Prisoners are persons whom most of us would rather not think about. Banished from everyday sight, they exist in a shadow world that only dimly enters our awareness. They are members of a "total institution" that controls their daily existence in a way that few of us can imagine. "[P]rison is a complex of physical arrangements and of measures, all wholly governmental, all wholly performed by agents of government, which determine the total existence of certain human beings (except perhaps in the realm of the spirit, and inevitably there as well) from sundown to sundown, sleeping, walking, speaking, silent, working, playing, viewing, eating, voiding, reading, alone, with others. . . ." It is thus easy to think of prisoners as members of a separate netherworld, driven by its own demands, ordered by its own customs, ruled by those whose claim to power rests on raw necessity. -- Justice William Brennan, dissenting in O’Lone v. Estate of Shabazz, 482 U.S. 342, 354-55 (1987).

Saturday, July 28, 2007

Martha Stewart Stops Talking

I remember when Martha Stewart was in prison she released a Christmas Message in 2004 on her now defunct website (although you can read an archived copy of the site here), which included the following :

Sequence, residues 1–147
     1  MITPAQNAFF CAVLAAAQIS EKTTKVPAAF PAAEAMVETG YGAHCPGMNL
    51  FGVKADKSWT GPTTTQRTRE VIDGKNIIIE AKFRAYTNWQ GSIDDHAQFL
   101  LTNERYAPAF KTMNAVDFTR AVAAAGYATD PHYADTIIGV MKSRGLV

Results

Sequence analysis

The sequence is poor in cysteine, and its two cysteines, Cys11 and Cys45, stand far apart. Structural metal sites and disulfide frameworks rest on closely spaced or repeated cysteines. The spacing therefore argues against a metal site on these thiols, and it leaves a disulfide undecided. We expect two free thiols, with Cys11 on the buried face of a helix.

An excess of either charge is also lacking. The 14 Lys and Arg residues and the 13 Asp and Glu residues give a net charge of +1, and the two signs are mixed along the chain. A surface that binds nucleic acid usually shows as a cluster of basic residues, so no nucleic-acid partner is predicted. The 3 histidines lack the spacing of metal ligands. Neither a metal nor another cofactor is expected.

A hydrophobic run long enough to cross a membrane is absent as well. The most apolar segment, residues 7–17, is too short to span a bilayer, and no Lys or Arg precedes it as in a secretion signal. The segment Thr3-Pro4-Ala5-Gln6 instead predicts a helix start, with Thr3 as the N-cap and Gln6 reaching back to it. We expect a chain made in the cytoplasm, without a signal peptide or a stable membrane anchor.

I beseech you all to think about these women -- to encourage the American people to ask for reforms, both in sentencing guidelines, in length of incarceration for nonviolent first-time offenders, and for those involved in drug-taking. They would be much better served in a true rehabilitation center than in prison where there is no real help, no real programs to rehabilitate, no programs to educate, no way to be prepared for life "out there" where each person will ultimately find herself, many with no skills and no preparation for living.

As Steve Baldwin notes on his blog, whatever happened to Martha Stewart and prison reform?

I was wondering the same thing (which is how I found his website).

Now I don't want to be too harsh on Martha, but she was in a rather unique position to make a difference. Then again, maybe her probation officer told her that she would be jeopardizing her terms of supervised release if her reform efforts involved any contact with former inmates. By the way, her two years of supervised release should have ended in March, 2007 (if it was not terminated before then).

I understand how easy it is to be motivated upon leaving prison and then get caught up in other things and lose that initial fervor, but I was hoping she would stick it out.

No comments: